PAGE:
by Anthony Gaughan

I recently started shaving with a straight razor. No, this isn’t going to be a post about how manly I am.

It’s going to be about how I decided to make this change, and what this has to do with my becoming mistrustful of innovation as a force for positive educational change.

I realise I was fortunate, in retrospect: I am old enough to have a father who shaves regularly with an old-fashioned safety razor. Some of my earliest product allegiances were formed watching my father unpack Wilkinson Sword double edge blades and splash on Old Spice aftershave.

More importantly, I got to witness what was, I know now, a ritual. The way my father would go about this daily task never changed, and it always produced the results he seemed to want, in a straightforward and easy manner.

Naturally, I wanted to grow up to be just like him. So, as soon as my pubescent growth would allow it, I tried my hand at shaving. I imitated my father exactly, and learnt two things very quickly: first, there is nothing quite so effective at focusing the young mind than taking a razor to one’s throat, and second, shaving, to be done well, is first and foremost a matter of practice and also having good, basic tools.

So I practised, and over time I became good. Never as good as my father, I thought, but good enough for me.

Then I went to university and lived with people other than my family for the first time. Bathrooms full of other people’s stuff. What caught my attention was the other guys’ shaving gear. Gillette Mach 3, Braun electric razors – stuff I’d seen on TV but never seriously thought anyone actually used.

Naturally, I became curious. In the following years, I collected all manner of new, improved system razors – ones that had two blades, three blades, even four blades; blades diamond-coated and allegedly so sharp they had to be kept “behind bars” (remember those?). I tried them all.

But each time I tried what I thought was the last possible refinement in men’s grooming, out came a new one: this time battery-powered, this time vibrating (not a quality I’d ever considered desirable in a razor, but obviously someone had thought it would be a good idea.).

It was exhausting, both mentally and financially. After a while, I did the only sensible thing: I gave up.

Basically, I came to realise three things: one, the flood of innovation was never going to stop because it was lucrative for someone else, and two, none of the shaves I’d experienced as a result of any of these innovations had been any better, easier or cheaper than the one I used to get from my dad’s old safety razor, so I was paying in more than just money.

Third, and crucially, it wasn’t enjoyable anymore. It wasn’t pleasurable. It didn’t make me look forward to doing it again tomorrow.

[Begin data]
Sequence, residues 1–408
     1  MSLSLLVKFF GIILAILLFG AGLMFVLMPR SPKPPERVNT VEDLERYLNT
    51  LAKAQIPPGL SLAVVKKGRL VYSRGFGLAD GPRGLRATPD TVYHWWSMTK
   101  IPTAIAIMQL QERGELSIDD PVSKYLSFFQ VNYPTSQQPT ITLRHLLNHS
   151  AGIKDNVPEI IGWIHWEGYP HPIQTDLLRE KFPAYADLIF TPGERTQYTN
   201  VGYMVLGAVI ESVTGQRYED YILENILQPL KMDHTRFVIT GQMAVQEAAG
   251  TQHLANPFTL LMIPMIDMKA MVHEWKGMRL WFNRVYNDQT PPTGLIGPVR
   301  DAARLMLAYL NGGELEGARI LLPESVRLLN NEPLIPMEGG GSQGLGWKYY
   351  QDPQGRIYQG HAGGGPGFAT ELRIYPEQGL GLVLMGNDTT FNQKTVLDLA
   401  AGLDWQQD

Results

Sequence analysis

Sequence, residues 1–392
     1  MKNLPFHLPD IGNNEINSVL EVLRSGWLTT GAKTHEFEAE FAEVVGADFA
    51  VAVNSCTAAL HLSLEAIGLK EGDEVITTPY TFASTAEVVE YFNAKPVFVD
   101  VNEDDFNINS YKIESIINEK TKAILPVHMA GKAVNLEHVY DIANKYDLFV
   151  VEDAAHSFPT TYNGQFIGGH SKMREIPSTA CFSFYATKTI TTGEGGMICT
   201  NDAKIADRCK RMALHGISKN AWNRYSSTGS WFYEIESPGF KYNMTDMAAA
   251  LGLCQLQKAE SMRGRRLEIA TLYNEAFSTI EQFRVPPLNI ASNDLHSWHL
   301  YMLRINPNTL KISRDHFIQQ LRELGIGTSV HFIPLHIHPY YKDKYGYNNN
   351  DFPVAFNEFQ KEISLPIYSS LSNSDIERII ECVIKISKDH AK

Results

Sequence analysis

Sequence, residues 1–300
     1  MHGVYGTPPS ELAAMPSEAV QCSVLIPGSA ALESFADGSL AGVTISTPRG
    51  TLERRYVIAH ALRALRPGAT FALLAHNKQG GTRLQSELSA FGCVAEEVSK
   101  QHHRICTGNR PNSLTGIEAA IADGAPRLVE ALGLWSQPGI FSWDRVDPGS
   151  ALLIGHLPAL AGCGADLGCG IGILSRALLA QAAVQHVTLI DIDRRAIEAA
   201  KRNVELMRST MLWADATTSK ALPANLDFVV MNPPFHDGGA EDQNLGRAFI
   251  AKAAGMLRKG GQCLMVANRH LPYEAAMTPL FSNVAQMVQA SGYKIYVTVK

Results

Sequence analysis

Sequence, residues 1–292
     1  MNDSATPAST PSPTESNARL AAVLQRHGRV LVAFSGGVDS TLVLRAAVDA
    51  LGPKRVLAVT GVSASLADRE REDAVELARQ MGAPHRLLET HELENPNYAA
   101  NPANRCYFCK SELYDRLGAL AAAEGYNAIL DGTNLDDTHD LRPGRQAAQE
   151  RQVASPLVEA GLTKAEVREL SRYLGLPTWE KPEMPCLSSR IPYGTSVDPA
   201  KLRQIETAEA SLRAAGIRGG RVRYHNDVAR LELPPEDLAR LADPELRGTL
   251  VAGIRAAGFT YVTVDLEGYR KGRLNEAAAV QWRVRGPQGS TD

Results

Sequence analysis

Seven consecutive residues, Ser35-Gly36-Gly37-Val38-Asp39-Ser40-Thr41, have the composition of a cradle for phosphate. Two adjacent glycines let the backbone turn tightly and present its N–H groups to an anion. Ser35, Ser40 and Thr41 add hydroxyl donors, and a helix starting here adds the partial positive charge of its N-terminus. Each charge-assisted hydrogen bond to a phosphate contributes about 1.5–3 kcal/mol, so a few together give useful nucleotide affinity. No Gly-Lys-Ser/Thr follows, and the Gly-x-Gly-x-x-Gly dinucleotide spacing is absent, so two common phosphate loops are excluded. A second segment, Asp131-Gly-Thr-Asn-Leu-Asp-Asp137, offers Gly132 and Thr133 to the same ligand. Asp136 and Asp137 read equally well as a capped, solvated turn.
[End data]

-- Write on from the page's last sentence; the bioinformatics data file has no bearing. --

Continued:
There was no ritual to it. At least, no sense of ritual.

So I went back and dusted off (or rusted off) my old razor and went back to basics. It took a while to get back into the habit, but everything felt so much better. And the results were better. Fewer cuts, less razor burn, cheaper.

I could have considered case closed at this point, but a question had started to form in the deep recesses of my brain.

If a simple double edge safety razor can out-perform all the new developments that Gillette and co. have to offer, was it possible to step even further away from innovation, really go back to basics, and get improved results?

So I bought a straight razor.

So simple. So effective, so challenging and yet so easy. The closest, most enjoyable shaves of my life. And fewer nicks and cuts than with any other kind of razor, The irony was that I’d always thought that straight razor shaving had fallen out of fashion because it was too complicated and expensive; actually the opposite is true. Every innovation in this area made this basic necessary routine more resource-intensive, more wasteful, more costly and less effective than it had originally been. The perfect hoodwink.

What does any of this have to do with education?

Everything, actually.

Innovation and efficacy are big at the moment. The EdTech movement of today is filling the space that the courseware bloat of yesteryear had occupied in discussions of the direction in which our profession is moving. The discussions of tomorrow will increasingly be, or be pushed towards being about efficacy or other non-concepts designed to promote not learning, but product sales.

I think this is a problem. First of all, it is, I suspect, leading to a massive waste of resources, both in terms of raw materials and human labour. Second, I suspect it is leading to an enfeeblement of teaching skills of the kind that actually matter. Third, I suspect it is driven not by serious educational ideals but by financial motives. Finally, and crucially, I think it is taking the fun, the ritual, out of education.

I do not wish to say that nothing should ever be improved or that the old-fashioned ways of doing things are a priori best, nor do I wish to say that technology is evil.

But I think it is worth remembering that in education, as in shaving, an innovation is not necessarily an improvement. For an innovation to be an improvement, it has to meet two simple criteria: it has to be a solution to a real problem, and it has actually to improve things. Buying into anything else is being hoodwinked.

Let’s avoid being hoodwinked, if we can, and instead of buying into the latest innovations simply because they are sold as innovations, let’s rather focus our talents towards becoming practised once again in making good, practised use of basic tools.

Anthony Gaughan will be one of the four speakers at our IATEFL 2015 Pre-Conference Event. He blogs at

Anthony Gaughan